Implementation or Adoption…what are you looking for from your CRM?
From implementation to employee engagement, successful CRM adoption is about changing user behaviors and not just about the technology itself.
Implementation is an achievement, but adoption of the CRM is a clear a priority. What’s the difference? Implementation can be achieved by simply installing the application. A business only sees a return on its investment, and value in the application if the target audience uses it. A comprehensive user-adoption strategy is key to getting the expected return on investment for your CRM.
There are a number of challenges which can affect user adoption. To maximise uptake, it’s critical to engage with CRM users and all key stakeholders in the business as early in the process as possible. The CRM should be designed to support the end-user in their job, helping them succeed, so it is important to consider their opinions and reduce any uncertainty building maximum support for the implementation.
Knowing the problems that users face with existing systems will also help you to communicate the benefits and eliminate such challenges. Involving employees so they are part of the CRM initiative will make them feel more accountable and in turn more likely to use and support it.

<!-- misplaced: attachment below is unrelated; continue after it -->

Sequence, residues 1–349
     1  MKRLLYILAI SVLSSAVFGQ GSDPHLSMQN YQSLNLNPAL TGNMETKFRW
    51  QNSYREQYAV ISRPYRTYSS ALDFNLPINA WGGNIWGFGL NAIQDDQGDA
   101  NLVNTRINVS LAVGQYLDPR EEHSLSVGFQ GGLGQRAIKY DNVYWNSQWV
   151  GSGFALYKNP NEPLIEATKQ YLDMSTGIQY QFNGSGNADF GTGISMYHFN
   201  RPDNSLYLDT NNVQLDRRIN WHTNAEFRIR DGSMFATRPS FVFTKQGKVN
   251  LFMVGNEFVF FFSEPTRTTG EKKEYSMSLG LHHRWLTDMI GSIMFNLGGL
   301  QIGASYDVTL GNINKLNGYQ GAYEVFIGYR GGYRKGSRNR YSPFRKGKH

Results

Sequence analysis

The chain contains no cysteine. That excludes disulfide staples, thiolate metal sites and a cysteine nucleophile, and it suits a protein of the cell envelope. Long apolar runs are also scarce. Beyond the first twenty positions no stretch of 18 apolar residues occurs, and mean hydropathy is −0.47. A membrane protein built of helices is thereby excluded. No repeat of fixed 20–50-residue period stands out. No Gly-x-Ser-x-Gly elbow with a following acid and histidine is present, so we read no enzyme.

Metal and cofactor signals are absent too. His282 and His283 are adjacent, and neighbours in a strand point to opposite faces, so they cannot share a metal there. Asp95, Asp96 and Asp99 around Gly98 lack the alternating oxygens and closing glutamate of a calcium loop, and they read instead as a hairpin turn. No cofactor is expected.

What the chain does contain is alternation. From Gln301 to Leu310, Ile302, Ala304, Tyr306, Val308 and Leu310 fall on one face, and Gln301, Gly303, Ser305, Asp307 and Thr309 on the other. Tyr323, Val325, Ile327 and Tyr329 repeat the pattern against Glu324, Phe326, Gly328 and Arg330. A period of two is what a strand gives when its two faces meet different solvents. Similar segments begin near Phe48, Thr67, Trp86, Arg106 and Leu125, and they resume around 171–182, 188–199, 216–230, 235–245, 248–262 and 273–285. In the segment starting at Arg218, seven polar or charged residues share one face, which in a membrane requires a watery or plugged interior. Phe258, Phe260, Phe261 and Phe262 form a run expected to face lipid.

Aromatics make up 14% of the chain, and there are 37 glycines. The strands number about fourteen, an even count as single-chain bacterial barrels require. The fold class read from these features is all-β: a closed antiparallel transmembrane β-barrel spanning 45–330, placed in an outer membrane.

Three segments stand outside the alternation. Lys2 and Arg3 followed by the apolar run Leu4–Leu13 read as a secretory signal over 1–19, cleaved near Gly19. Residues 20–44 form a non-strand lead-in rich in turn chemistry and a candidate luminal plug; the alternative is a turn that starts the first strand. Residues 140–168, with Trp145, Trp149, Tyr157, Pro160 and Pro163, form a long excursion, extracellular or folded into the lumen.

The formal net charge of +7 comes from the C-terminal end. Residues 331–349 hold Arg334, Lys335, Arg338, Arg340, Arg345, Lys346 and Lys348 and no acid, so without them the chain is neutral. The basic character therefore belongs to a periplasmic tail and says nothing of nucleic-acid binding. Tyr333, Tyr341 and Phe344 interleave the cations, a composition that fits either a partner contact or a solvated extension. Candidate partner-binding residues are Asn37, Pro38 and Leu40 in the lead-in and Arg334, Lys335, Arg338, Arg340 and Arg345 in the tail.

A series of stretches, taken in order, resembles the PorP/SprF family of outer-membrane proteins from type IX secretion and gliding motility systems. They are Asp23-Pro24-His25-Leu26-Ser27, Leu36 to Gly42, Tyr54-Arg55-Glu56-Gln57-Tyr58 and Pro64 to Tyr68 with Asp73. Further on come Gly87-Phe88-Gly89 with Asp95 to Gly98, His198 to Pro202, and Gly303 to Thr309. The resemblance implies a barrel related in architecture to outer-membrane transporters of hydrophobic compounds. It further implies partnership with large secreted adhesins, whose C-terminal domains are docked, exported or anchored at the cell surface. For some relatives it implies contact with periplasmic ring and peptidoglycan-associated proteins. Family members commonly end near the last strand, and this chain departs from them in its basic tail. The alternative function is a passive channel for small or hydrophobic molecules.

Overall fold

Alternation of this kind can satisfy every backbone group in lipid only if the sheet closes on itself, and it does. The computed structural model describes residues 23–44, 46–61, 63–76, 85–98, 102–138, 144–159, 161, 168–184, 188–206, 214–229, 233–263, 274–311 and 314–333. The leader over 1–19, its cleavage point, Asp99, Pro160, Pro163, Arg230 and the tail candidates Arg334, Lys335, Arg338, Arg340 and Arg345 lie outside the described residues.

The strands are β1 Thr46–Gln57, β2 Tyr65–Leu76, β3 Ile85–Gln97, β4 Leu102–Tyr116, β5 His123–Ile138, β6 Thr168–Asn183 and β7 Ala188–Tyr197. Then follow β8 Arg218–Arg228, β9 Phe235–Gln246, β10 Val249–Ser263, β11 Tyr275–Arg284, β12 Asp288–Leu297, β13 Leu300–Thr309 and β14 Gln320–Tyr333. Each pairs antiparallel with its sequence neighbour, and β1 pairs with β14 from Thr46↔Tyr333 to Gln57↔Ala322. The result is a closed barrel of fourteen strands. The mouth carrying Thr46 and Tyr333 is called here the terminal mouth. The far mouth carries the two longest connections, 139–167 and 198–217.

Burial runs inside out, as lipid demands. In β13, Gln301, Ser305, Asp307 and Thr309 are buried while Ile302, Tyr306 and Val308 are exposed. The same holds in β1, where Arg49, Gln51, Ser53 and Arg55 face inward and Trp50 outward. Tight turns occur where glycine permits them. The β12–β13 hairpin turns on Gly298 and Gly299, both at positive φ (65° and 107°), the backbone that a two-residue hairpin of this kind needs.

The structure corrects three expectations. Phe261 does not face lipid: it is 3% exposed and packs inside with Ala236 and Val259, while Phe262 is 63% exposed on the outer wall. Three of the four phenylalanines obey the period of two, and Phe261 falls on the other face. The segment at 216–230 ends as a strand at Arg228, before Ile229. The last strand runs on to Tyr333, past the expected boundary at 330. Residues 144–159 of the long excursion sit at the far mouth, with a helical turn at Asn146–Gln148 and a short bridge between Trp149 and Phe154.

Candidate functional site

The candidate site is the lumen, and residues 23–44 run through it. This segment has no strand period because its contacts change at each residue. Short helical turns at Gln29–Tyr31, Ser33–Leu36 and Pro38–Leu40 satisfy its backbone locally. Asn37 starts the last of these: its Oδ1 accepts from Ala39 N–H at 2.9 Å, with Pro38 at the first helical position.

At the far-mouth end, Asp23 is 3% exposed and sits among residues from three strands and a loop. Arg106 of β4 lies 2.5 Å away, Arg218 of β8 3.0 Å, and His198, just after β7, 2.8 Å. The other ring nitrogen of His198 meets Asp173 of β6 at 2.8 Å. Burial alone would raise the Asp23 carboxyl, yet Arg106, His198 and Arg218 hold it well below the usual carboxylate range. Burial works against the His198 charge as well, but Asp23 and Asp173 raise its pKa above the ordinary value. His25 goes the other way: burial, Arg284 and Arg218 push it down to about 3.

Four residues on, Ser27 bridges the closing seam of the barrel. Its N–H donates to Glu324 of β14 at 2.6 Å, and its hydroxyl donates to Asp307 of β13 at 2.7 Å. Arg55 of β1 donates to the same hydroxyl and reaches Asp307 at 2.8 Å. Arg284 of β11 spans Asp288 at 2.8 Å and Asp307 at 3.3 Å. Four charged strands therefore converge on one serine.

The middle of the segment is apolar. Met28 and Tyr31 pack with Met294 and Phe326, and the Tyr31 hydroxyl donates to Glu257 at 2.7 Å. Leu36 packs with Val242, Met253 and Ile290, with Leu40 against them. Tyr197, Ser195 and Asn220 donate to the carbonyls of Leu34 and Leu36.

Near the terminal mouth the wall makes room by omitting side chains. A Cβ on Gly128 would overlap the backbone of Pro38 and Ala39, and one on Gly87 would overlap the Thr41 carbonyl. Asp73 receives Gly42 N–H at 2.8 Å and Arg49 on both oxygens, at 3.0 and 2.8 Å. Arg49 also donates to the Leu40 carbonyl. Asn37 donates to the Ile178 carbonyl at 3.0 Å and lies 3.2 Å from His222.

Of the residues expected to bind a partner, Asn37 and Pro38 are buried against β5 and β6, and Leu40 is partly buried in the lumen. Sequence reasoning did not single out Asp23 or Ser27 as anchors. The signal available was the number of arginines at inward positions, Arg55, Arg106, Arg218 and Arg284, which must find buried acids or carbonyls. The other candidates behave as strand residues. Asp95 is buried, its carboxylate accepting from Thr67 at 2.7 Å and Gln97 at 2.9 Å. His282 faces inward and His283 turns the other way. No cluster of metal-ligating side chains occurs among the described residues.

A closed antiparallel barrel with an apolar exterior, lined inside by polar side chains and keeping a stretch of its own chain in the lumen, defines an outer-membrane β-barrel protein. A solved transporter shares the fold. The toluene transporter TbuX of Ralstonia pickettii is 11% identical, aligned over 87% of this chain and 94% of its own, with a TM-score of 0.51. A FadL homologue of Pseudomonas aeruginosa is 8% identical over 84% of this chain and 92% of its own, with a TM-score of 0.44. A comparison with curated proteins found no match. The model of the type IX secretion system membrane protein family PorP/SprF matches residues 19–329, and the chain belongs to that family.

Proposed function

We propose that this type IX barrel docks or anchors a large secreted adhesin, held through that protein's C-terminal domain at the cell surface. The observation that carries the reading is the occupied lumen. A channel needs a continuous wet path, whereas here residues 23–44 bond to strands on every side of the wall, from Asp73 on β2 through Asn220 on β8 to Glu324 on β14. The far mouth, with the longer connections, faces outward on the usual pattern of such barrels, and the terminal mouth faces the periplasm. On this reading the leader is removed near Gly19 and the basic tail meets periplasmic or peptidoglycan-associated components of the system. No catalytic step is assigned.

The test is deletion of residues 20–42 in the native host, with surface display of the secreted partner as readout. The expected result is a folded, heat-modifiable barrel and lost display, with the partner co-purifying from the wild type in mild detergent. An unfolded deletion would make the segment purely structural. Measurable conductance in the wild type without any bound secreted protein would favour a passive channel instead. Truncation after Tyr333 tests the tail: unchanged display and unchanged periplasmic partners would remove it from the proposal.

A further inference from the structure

There is a saying:
“the level of support you get from your managers is directly proportionate to the level of support you get from the employees”
A key success driver is ensuring management set an example and are both supportive and full users of the CRM system.
Making users understand WHY the CRM system is introduced and not just HOW is also of extreme importance. When answering, “what’s in it for me” it is critical to show that it will make their working life easier, more efficient with better mobility and of course giving users a more accurate means to record and recover data. If the CRM is just an input device, users will not see value in it. Be sure the users can get valuable information out of the CRM too.
One thing that is often not prioritized highly enough to support the adoption effort is training. It’s often last on the list of things to do and should be seen as a key factor in the success of the CRM adoption and not just an afterthought following implementation.
CRM’s are often feature rich and so learning them in one session can be difficult. A well thought out learning programme that supports different learning modes is critical in driving adoption. Where possible combining face-to-face training with existing field team meetings can introduce the key concepts without seeming to impact field time. This can be followed by a series of frequent, shorter sessions from basic to more advanced features, building their skills. Ideally, learning is most beneficial when tailored to reflect the way the users work. A good training program can help ensure users reach optimum performance from the system.
Finally, gathering and understanding feedback from users is important. Most of the time issues with understanding arise in the field so it is essential to listen to all pros and cons of the system so that any additional training needs can be established and encourage better adoption and improved functionality. If you connect with your employees and understand their experiences with CRM it will help drive the success you know the CRM deserves.